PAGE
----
“Enjoying a glass of white wine on a frequent basis can damage the teeth, something many wine makers and tasters will know first-hand, experts say.Pale plonk packs an acidic punch that erodes enamel far more than red wine, Nutrition Research reports.It is not the wine’s vintage, origin or alcohol that are key but its pH and duration of contact.xxxxxxxx..In the lab, adult teeth soaked in white wine for a day had a loss of both calcium and another mineral called phosphorus to depths of up to 60 micrometers in the enamel surface, which the researchers say is significant”.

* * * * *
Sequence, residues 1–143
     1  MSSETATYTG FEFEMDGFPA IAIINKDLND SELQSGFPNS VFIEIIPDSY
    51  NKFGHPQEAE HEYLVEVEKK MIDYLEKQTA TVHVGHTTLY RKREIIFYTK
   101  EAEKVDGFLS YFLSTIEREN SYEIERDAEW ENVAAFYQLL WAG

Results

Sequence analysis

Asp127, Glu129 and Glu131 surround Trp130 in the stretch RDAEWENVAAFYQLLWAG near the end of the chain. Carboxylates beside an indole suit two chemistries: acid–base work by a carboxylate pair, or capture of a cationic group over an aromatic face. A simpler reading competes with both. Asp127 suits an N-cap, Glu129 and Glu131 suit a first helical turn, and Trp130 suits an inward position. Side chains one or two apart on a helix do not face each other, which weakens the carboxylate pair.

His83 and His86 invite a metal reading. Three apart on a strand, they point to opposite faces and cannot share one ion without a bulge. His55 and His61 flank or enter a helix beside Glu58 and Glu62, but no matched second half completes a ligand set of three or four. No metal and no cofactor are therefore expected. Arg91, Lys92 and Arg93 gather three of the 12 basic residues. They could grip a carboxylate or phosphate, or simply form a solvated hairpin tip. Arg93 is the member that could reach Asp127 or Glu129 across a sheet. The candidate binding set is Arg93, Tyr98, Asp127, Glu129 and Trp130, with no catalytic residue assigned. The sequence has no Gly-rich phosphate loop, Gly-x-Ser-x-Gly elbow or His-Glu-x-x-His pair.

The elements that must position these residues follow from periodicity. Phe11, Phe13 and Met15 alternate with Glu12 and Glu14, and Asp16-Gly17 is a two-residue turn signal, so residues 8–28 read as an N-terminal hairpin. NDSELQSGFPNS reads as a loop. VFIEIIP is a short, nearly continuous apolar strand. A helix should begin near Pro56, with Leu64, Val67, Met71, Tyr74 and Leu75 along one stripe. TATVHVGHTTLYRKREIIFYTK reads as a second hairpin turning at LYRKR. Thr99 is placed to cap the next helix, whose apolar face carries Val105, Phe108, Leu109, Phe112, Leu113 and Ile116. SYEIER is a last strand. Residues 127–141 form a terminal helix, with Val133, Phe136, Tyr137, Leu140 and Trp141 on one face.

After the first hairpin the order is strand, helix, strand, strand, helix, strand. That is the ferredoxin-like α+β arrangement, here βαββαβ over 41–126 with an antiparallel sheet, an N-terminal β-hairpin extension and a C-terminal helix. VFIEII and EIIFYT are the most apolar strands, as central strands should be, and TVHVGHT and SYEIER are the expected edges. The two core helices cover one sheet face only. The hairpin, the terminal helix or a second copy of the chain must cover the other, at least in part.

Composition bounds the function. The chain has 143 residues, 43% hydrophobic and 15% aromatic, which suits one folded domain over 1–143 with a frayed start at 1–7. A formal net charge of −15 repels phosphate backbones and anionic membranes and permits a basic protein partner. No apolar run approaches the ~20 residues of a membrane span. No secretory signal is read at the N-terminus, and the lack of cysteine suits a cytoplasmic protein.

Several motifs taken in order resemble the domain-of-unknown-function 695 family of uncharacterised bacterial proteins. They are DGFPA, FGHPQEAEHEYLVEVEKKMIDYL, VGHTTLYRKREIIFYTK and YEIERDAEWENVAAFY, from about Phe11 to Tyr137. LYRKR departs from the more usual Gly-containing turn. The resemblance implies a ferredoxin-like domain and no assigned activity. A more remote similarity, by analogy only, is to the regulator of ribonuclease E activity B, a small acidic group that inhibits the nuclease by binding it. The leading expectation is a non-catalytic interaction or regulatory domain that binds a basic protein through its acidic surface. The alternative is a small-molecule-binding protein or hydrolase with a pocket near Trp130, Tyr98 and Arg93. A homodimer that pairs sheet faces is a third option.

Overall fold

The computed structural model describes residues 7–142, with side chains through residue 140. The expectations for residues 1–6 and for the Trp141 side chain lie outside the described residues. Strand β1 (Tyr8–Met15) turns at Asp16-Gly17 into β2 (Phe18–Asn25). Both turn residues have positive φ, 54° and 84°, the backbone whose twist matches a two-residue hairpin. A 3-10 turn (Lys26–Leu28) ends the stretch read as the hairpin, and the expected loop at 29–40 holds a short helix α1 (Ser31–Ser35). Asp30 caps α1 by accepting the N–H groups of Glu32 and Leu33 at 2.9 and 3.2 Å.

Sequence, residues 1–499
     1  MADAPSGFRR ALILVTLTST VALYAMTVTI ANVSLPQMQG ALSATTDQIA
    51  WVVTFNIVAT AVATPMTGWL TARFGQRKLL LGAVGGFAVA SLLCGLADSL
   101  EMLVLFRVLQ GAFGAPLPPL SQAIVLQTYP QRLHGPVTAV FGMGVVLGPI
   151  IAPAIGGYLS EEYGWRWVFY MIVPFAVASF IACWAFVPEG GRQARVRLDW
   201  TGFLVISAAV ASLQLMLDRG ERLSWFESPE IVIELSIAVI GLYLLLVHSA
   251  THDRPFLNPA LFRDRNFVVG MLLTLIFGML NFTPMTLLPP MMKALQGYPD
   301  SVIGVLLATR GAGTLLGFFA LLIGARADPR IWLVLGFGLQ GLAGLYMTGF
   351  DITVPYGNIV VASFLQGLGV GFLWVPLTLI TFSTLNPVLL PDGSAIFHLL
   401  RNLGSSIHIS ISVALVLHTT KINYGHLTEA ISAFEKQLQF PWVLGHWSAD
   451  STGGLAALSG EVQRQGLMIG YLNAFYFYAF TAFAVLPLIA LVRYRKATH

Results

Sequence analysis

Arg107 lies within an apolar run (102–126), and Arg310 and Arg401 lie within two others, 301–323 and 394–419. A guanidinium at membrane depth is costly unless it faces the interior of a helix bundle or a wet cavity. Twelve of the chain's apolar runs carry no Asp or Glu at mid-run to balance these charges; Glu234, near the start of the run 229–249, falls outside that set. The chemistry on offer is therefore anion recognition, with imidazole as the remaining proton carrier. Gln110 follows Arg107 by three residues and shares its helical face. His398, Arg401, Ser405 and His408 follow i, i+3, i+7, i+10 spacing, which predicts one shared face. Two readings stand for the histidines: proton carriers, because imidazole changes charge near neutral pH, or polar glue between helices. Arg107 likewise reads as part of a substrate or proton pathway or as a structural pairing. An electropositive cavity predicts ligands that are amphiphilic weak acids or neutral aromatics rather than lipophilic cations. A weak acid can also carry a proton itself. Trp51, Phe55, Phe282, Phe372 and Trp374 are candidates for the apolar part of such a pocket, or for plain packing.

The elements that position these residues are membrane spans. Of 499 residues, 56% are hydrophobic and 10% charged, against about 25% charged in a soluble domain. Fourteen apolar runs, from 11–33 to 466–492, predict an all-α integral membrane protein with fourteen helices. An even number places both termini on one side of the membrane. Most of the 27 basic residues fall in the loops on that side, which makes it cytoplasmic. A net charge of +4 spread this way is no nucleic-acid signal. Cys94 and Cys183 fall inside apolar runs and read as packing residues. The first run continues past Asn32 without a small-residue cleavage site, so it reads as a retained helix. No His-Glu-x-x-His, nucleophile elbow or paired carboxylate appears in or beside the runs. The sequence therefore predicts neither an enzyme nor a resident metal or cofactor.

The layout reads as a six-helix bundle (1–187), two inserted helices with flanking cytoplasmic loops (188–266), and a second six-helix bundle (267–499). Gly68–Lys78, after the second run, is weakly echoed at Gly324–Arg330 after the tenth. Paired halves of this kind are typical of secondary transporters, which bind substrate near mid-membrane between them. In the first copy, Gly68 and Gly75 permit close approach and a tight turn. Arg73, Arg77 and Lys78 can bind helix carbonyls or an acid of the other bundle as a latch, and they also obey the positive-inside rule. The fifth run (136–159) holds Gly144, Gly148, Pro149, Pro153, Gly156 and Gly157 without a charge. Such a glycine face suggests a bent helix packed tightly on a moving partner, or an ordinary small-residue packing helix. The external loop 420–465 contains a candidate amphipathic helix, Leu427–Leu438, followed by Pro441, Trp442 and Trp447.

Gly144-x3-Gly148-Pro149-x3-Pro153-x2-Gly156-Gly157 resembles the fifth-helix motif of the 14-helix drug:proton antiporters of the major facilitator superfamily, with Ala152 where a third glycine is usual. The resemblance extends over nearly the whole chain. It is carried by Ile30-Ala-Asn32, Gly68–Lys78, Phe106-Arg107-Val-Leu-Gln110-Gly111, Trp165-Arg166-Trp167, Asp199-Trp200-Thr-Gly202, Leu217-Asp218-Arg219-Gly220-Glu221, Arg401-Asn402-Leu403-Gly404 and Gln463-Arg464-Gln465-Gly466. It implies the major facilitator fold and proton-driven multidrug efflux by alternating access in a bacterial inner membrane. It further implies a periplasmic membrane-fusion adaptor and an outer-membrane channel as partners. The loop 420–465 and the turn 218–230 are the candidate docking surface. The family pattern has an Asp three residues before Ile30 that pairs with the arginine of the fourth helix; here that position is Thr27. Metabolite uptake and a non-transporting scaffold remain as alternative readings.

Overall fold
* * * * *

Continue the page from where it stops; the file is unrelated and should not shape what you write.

I Quote the above from the BBC news, regarding the enamel erosive activity of wine, the white being more so than the red. Enamel is made up of calcium and phosphorus. Any acid can have a erosive action on it. Calcium reacts with acids to form salts and the erosion. If wine is acidic and if remains in contact for longer period it is likely to cause damage. Brushing immediately after the consumption does more harm as the damaged surface is rubbed off calcium.
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- White wines ‘bad for the teeth’ (news.bbc.co.uk)